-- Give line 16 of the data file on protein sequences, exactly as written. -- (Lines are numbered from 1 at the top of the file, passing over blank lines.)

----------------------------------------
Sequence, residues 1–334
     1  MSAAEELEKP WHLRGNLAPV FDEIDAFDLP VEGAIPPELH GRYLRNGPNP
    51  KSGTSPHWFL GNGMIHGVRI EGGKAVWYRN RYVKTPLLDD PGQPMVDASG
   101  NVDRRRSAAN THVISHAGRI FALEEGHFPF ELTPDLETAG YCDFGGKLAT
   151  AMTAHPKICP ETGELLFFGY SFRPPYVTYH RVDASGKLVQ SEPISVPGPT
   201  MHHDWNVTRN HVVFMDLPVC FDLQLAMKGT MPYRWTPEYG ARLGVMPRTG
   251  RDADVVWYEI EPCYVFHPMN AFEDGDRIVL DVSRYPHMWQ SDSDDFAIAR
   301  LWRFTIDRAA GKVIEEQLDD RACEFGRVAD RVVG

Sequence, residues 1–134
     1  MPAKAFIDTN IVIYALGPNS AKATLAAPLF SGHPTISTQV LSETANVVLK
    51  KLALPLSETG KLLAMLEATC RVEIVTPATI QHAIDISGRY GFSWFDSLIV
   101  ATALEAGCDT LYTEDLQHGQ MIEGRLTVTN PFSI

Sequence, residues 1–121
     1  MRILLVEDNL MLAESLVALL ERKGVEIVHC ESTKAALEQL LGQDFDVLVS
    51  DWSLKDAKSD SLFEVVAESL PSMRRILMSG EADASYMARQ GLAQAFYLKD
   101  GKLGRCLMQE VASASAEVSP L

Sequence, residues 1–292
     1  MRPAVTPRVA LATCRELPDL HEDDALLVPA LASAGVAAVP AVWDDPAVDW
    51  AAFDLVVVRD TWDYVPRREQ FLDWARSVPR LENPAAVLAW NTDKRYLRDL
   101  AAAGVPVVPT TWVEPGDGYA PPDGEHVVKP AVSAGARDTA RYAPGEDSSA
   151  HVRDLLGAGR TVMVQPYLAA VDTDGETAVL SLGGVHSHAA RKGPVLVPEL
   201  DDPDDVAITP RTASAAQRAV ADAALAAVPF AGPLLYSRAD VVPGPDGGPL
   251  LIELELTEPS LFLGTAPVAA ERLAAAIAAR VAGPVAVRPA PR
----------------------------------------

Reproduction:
   101  GKLGRCLMQE VASASAEVSP L